SEXUAL assault victims unsure if they want to report the attack to police have been urged to contact Swindon’s sexual assault referral centre.

Rapes and other sexual assaults are one of the most underreported crimes. Nationally, Office of National Statistics figures suggest that just one in six rapes were reported to police in 2017, with victims saying embarrassment, fears it would be humiliating and that they would not be believed had prevented them from reporting the crime.

However, calling 999 isn’t the only course of action open to victims. Swindon and Wiltshire Sexual Assault Referral Centre is able to support victims and take any DNA evidence independently of police – and without having to contact detectives.

Bosses at the service, which is run by charity First Light, says it affords victims extra time to decide whether or not they want to report the incident to police. The DNA can be stored at the service’s Stratton offices for two years, at which point the sample will be destroyed unless the victim has got in touch to say they want to take the case to plice.

Michele Challis, manager at the Swindon and Wiltshire SARC, said: “A lot of people are unsure of the process and how it’s all going to work.

“That is why we’re saying if you’re unsure about reporting to the police, we can help you with the start of that process – we can start it off for you.

“If they come to us and we’ve got the DNA it gives them that time to breathe. It’s empowering the client to have that control.

“We can see clients with or without police. If clients aren’t sure if they want to report to the police we can store DNA on site for a period of two years. That gives the client a bit of time to decide.”

Anyone can refer themselves to the centre Monday to Friday, 9am to 5pm, and between 10am and 4pm on Saturdays. You can bring a family member, friend or attend alone.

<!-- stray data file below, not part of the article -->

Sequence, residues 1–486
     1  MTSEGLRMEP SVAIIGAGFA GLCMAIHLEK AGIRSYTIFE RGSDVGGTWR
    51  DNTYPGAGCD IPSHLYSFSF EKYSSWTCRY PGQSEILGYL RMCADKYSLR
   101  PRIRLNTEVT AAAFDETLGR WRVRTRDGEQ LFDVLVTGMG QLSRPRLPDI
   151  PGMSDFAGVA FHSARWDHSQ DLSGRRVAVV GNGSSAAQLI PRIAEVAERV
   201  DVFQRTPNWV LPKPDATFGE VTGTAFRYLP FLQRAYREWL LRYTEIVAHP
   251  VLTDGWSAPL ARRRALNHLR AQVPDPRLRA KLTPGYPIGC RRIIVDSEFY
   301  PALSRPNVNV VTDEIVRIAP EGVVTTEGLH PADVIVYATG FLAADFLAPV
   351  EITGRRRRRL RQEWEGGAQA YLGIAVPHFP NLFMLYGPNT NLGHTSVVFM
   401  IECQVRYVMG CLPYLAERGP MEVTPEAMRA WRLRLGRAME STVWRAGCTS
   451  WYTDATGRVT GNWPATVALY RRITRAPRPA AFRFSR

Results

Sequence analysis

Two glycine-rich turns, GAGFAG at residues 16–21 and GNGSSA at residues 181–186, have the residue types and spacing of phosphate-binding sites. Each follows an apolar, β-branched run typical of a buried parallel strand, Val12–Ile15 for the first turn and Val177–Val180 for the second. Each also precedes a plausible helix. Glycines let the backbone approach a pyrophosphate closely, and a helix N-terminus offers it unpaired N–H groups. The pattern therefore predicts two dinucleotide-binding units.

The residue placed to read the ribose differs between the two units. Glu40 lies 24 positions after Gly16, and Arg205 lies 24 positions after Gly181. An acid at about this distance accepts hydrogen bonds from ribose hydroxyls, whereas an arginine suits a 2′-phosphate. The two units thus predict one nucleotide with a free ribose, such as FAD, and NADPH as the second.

You will be met by a crisis worker, who will speak to you about the incident. A qualified nurse will carry out a forensic medical examination. The service uses female nurses, but can contact an on-call male doctor if you would be more comfortable for that examination to be carried out by a man.

The service offers pregnancy testing, emergency contraception, sexual health advice, showering facilities and can even provide a set of new clothes. Your crisis worker can also help refer you to other services, including sexual health clinics and an independent sexual violence advisor.

The support follows the client, says Michele, who used to be based in Dorset and was an expert adviser on ITV crime drama Broadchurch.

“Everybody’s different. Everybody’s experience is different. Everybody’s coping strategies are different. We support each client on an individual basis,” she said.

“If a client doesn’t want to continue, we don’t continue.”

The majority of those accessing the service are women, many of them aged 17 to 25. A specialist Bristol-based service, called The Bridge, supports under-16s.

Currently, few men approached the SARC for help. But Michele hoped that would change: “We’d like them to. They deserve the same service.”

Police are able to refer victims to the Swindon and Wiltshire SARC any time, day or night. The service is confidential and free.

The Swindon and Wiltshire SARC is at The Gables, Shrivenham Road, South Marston. Call: 01793 781 916 or email